Last chance for feedback on PowerShell course 10961A/B

by Don Jones


I’m in the midst of working on 10961C, the Windows Server 2012 R2 / Windows 8.1 / PowerShell 4.0 update of Microsoft’s 10961A/B course, “Automating Administration with Windows PowerShell.” I anticipate this being closed out by the end of November, 2013, so if you’ve taken or taught this course and have any feedback – even a typo – now’s the time to tell me. Drop a comment below, or e-mail me (if you have my address). Please, no Twitter replies on this one.

The course will not be substantially changed from the B rev; because PowerShell v4 doesn’t change much, especially at the entry-level covered by 10961, there wasn’t much to alter. But I’m trying to sweep up as many lingering bugs and typos as possible. Kudos to MCT Jason Yoder for firing over a list of fixes!

Some fun comments from the “A” rev feedback:

By day 3 (5 day class) most students felt over-whelmed.

There is not enough material.

Probably won’t be reconciling those two <grin>. Fact is, it’s really tough to write the perfect course for everyone, which is why having a live instructor who knows the material is so important to a great class.

No mention of filtering functions.

Because they’re largely “leftovers” that were succeeded by pipeline functions. That said, 10961 isn’t a programming course; that’s where 55039 picks up. If you’ve got folks who want programming taking 10961, they were placed into the wrong class.

 

About the Author

About Don Jones

Don Jones is a Windows PowerShell MVP, author of several Windows PowerShell books (and other IT books), Co-founder and President/CEO of PowerShell.org, PowerShell columnist for Microsoft TechNet Magazine, PowerShell educator, and designer/author of several Windows PowerShell courses (including Microsoft's). Power to the shell!

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3 thoughts on “Last chance for feedback on PowerShell course 10961A/B

  1. Pingback: Week of December 2: a little light reading, converting VMs, and VDI planning - Server and Cloud Partner and Customer Solutions Team Blog - Site Home - TechNet Blogs

  2. Dave Wyatt

    The objects output by an advanced function and a filter can be the same, but filters still execute much faster for some reason. They’re worth keeping in your bag of tricks for when code needs to be optimized. I’m not suggesting they need to be in this particular course (which I know nothing about), but I wouldn’t treat filters as obsolete just yet.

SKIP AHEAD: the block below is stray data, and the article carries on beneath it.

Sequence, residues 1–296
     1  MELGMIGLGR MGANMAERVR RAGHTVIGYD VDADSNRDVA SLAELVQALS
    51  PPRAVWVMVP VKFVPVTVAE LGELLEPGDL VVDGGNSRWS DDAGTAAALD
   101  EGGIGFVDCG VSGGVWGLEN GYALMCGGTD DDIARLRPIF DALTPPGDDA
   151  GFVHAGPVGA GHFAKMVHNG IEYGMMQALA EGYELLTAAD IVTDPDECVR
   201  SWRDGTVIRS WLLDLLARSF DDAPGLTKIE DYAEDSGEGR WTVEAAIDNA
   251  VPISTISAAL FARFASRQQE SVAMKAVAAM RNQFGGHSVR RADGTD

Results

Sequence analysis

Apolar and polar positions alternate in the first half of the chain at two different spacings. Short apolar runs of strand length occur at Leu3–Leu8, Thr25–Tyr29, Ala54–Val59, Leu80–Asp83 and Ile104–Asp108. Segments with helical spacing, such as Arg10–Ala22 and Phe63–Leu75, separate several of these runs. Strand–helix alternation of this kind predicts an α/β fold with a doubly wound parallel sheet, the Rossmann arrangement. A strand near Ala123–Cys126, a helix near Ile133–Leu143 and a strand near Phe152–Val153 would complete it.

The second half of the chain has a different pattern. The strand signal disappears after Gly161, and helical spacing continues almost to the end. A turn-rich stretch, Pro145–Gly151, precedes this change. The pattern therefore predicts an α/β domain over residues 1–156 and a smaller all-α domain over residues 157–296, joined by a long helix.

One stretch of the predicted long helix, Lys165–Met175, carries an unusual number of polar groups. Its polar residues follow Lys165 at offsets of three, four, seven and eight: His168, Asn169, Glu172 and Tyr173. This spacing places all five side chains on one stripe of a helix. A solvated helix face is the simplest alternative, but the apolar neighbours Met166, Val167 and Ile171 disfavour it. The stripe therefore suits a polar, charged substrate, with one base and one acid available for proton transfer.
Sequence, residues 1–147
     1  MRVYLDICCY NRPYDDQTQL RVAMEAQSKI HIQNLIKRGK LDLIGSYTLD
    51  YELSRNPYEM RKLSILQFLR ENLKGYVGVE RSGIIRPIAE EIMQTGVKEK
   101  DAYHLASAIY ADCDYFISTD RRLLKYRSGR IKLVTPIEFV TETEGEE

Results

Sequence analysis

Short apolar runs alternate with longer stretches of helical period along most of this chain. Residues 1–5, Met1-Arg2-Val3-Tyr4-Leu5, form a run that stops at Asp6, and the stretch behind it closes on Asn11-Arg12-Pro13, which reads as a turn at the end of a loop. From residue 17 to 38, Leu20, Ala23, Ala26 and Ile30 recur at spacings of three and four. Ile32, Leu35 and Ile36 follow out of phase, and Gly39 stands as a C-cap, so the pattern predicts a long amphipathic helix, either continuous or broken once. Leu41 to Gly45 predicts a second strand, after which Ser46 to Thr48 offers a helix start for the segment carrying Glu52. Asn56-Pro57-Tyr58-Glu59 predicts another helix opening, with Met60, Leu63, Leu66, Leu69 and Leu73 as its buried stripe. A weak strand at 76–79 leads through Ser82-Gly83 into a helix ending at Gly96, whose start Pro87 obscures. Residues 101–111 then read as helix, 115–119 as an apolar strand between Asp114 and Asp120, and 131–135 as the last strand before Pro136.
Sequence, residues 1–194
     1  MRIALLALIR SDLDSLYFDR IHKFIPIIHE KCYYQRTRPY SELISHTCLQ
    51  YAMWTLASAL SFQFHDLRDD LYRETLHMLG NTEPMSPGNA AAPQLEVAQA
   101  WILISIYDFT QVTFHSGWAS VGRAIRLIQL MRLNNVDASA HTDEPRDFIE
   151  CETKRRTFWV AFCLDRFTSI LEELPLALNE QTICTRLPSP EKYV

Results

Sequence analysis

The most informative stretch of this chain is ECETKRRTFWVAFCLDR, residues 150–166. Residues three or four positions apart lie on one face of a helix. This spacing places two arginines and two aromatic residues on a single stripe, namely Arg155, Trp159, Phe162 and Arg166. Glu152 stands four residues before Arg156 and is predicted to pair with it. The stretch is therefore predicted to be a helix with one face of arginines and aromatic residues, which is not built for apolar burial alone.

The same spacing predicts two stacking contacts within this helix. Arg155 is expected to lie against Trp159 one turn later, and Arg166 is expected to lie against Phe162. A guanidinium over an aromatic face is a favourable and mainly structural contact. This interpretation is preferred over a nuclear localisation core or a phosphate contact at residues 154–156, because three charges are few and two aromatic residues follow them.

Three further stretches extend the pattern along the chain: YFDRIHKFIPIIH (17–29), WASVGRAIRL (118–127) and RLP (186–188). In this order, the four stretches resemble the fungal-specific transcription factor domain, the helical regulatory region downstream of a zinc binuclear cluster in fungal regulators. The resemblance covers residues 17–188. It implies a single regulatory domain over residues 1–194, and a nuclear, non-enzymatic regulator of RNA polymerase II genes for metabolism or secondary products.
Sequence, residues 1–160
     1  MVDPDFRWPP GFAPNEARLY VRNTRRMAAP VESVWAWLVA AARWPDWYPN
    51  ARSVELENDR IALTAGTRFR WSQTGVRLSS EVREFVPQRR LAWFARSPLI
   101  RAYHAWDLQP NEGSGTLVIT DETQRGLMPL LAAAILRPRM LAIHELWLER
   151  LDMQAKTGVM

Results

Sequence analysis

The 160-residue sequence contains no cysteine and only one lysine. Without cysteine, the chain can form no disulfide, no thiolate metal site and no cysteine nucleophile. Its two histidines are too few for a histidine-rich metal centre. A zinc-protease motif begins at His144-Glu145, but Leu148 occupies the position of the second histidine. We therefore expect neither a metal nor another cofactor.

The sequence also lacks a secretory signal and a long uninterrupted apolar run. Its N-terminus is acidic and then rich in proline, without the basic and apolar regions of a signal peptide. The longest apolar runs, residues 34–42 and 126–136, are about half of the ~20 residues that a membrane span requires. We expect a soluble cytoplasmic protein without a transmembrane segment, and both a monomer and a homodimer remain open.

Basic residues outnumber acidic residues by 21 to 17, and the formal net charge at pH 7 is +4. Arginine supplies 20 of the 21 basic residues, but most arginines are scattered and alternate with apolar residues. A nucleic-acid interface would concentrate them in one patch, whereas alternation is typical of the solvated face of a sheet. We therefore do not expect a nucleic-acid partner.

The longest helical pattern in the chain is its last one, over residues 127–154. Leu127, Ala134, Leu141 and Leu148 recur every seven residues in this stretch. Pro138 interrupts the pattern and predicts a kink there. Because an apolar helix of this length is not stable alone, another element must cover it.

I know this code will format terribly in a blog comment, but here’s a simple way to prove the difference:

    function Test-AdvFunction
    {
    [CmdletBinding()]
    param (
    [Parameter(Mandatory = $true, ValueFromPipeline = $true)]
    [Object]
    $InputObject
    )

    process
    {
    $InputObject.GetType().FullName
    }
    }

    filter Test-Filter
    {
    $_.GetType().FullName
    }

    $array = 1..1000000

    $functionResult = Measure-Command { $array | Test-AdvFunction }
    $filterResult = Measure-Command { $array | Test-Filter }

    Write-Host (“Function: {0:F2} seconds” -f $functionResult.TotalSeconds)
    Write-Host (“Filter: {0:F2} seconds” -f $filterResult.TotalSeconds)

    Results:

    Function: 10.86 seconds
    Filter: 1.72 seconds

    1. Don Jones Post author

      I didn’t call them “obsolete,” and I’m definitely aware of their execution differences. Be that as it may, a beginner-level course that includes neither functions nor pipeline functions would also not contain filters, and were I teaching beginner-level PowerShell programming, I *still* wouldn’t include filters. Useful as they are, a course can only contain so much information, and I definitely regard filters as a more advanced artifact. The *only* reason to use one over, say, a pipeline function or advanced function is the performance thing, and that’s negligible unless you’re writing something that will deal with thousands and thousands of objects. I wouldn’t burn precious, finite class time on a construct whose sole advantage is a performance gain; I would likely *mention* it and leave it to people to explore on their own once they got to the need. My point was one of instructional design, and the post was really soliciting feedback on the course.

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